Size, shape and tex­ture all play a big role in mak­ing sure your rug is right for the space, writes Bea Tay­lor.

Waikato Times - Your Weekend (Waikato Times) - - At Home -

When it comes to fin­ish­ing off a room, a rug is a key in­gre­di­ent. An­nie Loveridge, di­rec­tor of The Ivy House, puts it sim­ply: “Rooms look bet­ter with a rug.”

They pos­sess the abil­ity to trans­form a space – and can in­tro­duce a sense of lux­ury, per­son­al­ity, soft­ness or even edge – so rugs are an el­e­ment you want to get right.


The first thing to think about is what you want the rug to do for your space, sug­gests Loveridge.

“Do you want it to pro­vide a soft floor­ing area or is it more cos­metic? Do you want it to unify a space or de­fine an area?” she asks. A rug can pull to­gether a mixed selec­tion of fur­ni­ture or it can be a bold state­ment in a neu­tral fur­nish­ing scheme.


“Get out the mea­sur­ing tape,” is Loveridge’s next sug­ges­tion. “Mea­sure your space. Get­ting the size right is key.”

A rug that is too small draws the eye in, makes the space feel smaller and fur­ni­ture feel dis­con­nected. Too big and the space will feel clut­tered and stuffy.

A sim­ple way to get an idea of size is to take four A4 pieces of pa­per and place one in each cor­ner of where you want the rug to go. Your eyes will travel to those four cor­ners and will help to give you a good sense of the size.

“A com­mon so­lu­tion is to have a rug that sits within the fur­ni­ture,” says Loveridge. Ide­ally all fur­ni­ture is touch­ing the rug, for ex­am­ple the legs of a couch should be on the rug. “But don’t place fur­ni­ture on the shorter ends of the rug as it will draw the space back in,” she warns.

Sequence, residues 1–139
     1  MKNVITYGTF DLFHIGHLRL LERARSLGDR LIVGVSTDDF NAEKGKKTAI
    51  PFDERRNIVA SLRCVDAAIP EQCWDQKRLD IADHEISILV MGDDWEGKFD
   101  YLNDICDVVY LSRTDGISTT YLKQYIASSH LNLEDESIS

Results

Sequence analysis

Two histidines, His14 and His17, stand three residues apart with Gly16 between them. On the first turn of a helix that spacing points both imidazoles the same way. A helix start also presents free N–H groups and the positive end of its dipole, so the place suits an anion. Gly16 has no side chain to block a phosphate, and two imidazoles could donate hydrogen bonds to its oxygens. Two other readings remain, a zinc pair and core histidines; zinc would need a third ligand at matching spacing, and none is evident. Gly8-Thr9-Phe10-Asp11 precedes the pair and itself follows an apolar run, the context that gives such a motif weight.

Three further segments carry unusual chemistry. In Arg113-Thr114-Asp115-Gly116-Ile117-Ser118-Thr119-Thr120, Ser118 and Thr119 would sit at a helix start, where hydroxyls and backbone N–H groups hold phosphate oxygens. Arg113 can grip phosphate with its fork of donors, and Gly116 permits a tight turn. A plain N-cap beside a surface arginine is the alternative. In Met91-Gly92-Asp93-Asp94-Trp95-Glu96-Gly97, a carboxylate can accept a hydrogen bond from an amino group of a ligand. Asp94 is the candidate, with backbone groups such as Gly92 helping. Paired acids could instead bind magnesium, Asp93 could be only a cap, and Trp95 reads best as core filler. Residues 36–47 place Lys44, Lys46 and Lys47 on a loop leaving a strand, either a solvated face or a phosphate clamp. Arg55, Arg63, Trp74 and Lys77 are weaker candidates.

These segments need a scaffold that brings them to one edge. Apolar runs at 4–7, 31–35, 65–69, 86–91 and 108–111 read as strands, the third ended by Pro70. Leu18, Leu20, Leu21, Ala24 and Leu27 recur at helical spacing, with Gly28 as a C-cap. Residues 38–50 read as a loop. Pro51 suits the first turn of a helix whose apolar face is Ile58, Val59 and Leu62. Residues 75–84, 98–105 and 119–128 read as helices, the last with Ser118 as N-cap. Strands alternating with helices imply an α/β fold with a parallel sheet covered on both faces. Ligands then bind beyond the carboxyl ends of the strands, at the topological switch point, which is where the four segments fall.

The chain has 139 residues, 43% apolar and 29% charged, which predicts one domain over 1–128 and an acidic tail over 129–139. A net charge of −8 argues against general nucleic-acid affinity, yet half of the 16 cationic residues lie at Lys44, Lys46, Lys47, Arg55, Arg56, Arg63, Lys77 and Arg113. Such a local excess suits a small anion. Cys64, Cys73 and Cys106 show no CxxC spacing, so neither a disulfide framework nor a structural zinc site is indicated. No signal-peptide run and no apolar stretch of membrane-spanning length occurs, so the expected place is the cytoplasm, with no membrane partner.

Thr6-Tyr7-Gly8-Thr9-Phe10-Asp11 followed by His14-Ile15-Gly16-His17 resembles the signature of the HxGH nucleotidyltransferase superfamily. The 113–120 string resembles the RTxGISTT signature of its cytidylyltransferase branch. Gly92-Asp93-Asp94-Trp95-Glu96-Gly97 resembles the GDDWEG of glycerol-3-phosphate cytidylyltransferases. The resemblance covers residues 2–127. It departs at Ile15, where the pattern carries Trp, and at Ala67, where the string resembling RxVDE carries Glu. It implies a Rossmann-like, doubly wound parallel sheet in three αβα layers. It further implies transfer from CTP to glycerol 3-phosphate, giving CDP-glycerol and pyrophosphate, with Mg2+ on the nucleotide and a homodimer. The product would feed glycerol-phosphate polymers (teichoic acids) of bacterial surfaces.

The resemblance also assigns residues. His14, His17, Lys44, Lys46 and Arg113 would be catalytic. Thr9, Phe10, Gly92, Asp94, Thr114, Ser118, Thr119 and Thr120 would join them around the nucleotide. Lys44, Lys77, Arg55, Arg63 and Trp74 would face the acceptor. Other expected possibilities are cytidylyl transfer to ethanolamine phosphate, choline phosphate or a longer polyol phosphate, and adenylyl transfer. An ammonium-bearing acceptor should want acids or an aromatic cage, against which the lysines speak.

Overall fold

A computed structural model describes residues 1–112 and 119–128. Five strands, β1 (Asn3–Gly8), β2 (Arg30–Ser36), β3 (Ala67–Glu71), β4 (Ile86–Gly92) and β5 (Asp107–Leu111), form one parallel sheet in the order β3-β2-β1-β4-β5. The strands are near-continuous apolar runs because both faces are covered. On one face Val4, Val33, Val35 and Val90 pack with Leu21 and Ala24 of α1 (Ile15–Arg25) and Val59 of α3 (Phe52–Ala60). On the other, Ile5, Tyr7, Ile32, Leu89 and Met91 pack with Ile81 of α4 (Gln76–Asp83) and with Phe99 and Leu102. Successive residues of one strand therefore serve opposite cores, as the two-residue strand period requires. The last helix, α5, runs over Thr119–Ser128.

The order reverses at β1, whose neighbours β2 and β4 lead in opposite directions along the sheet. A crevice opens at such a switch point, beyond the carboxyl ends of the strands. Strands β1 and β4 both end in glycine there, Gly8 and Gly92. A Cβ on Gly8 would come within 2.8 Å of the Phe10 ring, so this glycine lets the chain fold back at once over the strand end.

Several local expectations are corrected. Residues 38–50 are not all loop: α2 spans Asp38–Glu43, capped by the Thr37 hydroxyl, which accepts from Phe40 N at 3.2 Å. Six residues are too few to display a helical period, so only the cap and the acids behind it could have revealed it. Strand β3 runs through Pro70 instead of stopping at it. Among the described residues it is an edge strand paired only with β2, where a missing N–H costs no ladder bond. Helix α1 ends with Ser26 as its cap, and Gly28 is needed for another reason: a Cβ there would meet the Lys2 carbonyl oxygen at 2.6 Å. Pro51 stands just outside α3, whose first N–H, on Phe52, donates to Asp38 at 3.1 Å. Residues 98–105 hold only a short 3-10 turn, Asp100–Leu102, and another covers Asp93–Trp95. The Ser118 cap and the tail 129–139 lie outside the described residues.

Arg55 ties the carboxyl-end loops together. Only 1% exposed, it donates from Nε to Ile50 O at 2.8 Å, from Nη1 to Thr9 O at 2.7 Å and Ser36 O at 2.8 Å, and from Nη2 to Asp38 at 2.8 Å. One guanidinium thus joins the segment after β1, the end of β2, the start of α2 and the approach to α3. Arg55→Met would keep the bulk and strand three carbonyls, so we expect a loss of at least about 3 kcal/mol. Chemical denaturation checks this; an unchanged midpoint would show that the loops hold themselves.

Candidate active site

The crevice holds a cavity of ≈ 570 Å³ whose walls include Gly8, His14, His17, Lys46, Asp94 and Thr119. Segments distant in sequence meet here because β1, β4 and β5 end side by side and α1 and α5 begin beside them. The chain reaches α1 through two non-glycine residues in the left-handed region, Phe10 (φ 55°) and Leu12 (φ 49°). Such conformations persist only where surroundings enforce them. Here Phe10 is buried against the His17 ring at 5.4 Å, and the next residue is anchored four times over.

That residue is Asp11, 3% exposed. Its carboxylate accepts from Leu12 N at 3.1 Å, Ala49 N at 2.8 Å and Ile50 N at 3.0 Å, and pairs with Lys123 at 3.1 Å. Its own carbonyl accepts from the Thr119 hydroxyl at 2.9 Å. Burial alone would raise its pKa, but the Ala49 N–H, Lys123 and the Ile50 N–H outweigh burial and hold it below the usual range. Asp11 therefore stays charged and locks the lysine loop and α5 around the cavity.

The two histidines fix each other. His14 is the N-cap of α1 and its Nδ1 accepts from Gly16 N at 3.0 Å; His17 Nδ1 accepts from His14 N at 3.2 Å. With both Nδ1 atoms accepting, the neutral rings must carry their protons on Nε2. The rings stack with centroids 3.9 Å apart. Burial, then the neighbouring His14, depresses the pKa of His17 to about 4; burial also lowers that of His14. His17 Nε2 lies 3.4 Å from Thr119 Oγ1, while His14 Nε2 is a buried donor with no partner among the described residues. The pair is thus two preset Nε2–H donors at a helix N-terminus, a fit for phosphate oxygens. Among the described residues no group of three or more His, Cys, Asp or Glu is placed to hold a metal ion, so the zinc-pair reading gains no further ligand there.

Choos­ing the right shaped rug all comes down to the pur­pose of the rug and the room it’s in.

Take a din­ing room – gen­er­ally a rule of thumb in de­sign is that rep­e­ti­tion cre­ates har­mony, says Lillian Baker of Fur­tex. If you have a rec­tan­gu­lar din­ing ta­ble, it’s nor­mally a good idea to choose a rec­tan­gu­lar rug.

“Make sure there is room extending be­yond all sides of the ta­ble. When the chairs are pushed back they should still stay on the rug,” she says.

The min­i­mum dis­tance to al­low for this is 75cm on each side, says Loveridge, so the ideal rug size is at least 1.5m larger than the ta­ble in each di­rec­tion.

In a bed­room, any shape goes. “A large rec­tan­gu­lar rug can frame a bed re­ally well, but a cir­cu­lar rug will add a lit­tle bit of fun and some­thing like a cow hide will add some in­ter­est.”


It’s im­por­tant to con­sider the sofa and wall colour as well as the at­mos­phere you want to cre­ate.

If it’s a calm and re­lax­ing look you’re af­ter, Baker sug­gests go­ing for a wool or jute rug in a nat­u­ral colour pal­ette.

Cre­at­ing a play­ful, en­er­gis­ing space? “Pri­mary colours, bold pat­terns or look for lux­u­ri­ously dark and moody jewel tones,” she says.


Baker says lay­er­ing rugs adds tex­ture and per­son­al­ity. “You can never have too much of ei­ther in your home.” It’s also a great way to fill a space.

“Try con­trast­ing tex­tures and styles – a jewel-toned an­tique patch­work floor rug over a larger tex­tured jute rug for ex­am­ple.”

Lay­er­ing rugs is hard to achieve but looks amaz­ing when done right, says An­nie Loveridge. Achieve this by go­ing with con­trast, in ei­ther shape, tex­ture, colour and size. PHOTO: JANE USSHER Don’t be afraid to go with bold, rich colours on the floor, es­peci

The rug you choose to go un­der your din­ing ta­ble should be larger than the ta­ble so there is enough space for the chairs to stay on it when pulled back.

Keep fur­ni­ture off a large cir­cu­lar rug to high­light the floor and en­hance the feel­ing of space, says An­nie Loveridge. PHOTO: JANE USSHER

Newspapers in English

Newspapers from New Zealand

© PressReader. All rights reserved.